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Wage hike forces Thai firms to hire Cambodians
Publication Date : 07-01-2013
Thai factories have opted to hire Cambodian workers under a memorandum of understanding between Cambodia and Thailand after the 300 baht (US$9) minimum wage policy came into effect for Thai workers across the country.
A total of 154 Cambodians - 118 men and 36 women - with work permit documents crossed the border in Sa Kaew's Aranyaprathet district on Monday.
Four companies brought buses and vans to pick up the Cambodian workers, Lt-Colonel Benchapol Rawdsawat, deputy superintendent of Sa Kaew Provincial Immigration Division, said.
Although legal migrant workers are entitled to the 300 baht minimum wage, Thai factory owners can pay them less by making deductions from their salaries for electricity, water and accommodation expenses. Besides, they said Thai workers were too demanding.
He said Cambodian factories had complained that they were facing a labour shortage because locals have chosen to migrate to Thailand as they can enjoy three times higher wages. Cambodian factory owners also face protests from workers demanding a rise in monthly wages from 1,500-2,500 baht to 4,500-6,000 baht.
Ranong Provincial Federation of Thai Industries chairman Krissana Iamwongnathee said the rise in the minimum wage adversely affected industries in the province where 32 factories are preparing to import machinery to replace labour. He said although machinery requires huge capital outlay, it is worth the investment in the long term. Others are planning to shift their manufacturing base to neighbouring countries after formation of the Asean Economic Community in 2015.
Ranong has more than 300 companies, which operate sea-food processing factories and hire more than 80,000 migrant workers.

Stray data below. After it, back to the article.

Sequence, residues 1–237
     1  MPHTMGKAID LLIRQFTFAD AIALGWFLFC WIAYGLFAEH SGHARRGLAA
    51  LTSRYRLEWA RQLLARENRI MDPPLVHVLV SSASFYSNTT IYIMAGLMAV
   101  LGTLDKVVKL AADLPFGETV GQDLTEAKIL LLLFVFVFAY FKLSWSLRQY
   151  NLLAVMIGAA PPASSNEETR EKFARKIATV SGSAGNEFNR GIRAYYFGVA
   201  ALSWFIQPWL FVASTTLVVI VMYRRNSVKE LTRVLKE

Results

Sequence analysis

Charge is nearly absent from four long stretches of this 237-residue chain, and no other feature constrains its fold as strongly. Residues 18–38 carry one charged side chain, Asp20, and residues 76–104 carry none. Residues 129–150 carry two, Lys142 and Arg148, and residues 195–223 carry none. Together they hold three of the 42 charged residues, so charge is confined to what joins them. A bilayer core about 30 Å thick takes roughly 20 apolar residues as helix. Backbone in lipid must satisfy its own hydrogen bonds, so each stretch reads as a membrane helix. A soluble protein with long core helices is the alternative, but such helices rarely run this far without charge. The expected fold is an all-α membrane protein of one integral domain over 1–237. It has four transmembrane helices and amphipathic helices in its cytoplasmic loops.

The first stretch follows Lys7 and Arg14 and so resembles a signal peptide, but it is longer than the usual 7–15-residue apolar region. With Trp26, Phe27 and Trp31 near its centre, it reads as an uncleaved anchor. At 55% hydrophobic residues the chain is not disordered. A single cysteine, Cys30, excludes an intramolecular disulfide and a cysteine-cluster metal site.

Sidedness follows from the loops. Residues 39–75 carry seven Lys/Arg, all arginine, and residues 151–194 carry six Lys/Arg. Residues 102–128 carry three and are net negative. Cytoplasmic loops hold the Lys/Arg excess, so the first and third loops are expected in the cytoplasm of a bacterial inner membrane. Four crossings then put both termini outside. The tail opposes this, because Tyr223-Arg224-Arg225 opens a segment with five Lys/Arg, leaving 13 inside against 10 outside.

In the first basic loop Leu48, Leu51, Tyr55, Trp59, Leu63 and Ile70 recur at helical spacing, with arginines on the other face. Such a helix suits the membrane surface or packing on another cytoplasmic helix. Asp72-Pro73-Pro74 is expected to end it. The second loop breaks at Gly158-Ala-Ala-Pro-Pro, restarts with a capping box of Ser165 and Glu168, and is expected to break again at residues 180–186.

He said the Federation of Thai Industries for 14 southern provinces all agreed they needed time to adjust and have called on the government to help business operators absorb the financial burden from the wage increase by financially supporting factories through grace periods. For instance, the government could support the wage rise at a ratio of 75:25 this year and 50:50 in 2014 and 25:75 in 2015 and in 2016 business operators wholly pay for the wage hike.
Trang Provincial Federation of Thai Industries chairman Withi Supitak said the wage rise would hurt small firms in the long term. Many factory owners in the province had adjusted by cancelling special welfare that they normally provide to staff in order to save costs, or by laying off workers who are not productive and hiring only high-quality workers. He believed companies would not close down immediately but try cutting costs first and determine within six months if they can survive.
As of now, eight factories in Tak closed down following the first round of the minimum daily wage increase of 40 per cent in April last year, putting 1,343 workers out of work.
Tak Provincial Federation of Thai Industries chairman Chaiwat Withit-thammawong claimed since the 300 baht wage had come into effect, factories would have to shoulder an 80 per cent increase in wage costs and thus would struggle to survive. They may have to take steps like slashing contributions to the social security fund from five to four per cent. Supportive measures by the government would not help them sustain their operations. It was likely that in three months, many factories, most of which are SMEs, would start to shut down one by one.
But Deputy Premier Kittiratt Na-Ranong has insisted that while the private sector faces higher costs, they would benefit in the long run because workers would have more purchasing power to buy their products.
He said it was time Thailand shifted from being a production base for labour-intensive industries to higher-quality products. He said factory closures were normal and he did not believe the wage hike was the main factor behind some companies closing down.
The government could not provide direct financial support to business operators by absorbing the wage rise but would help SMEs with liquidity and boosting business potential.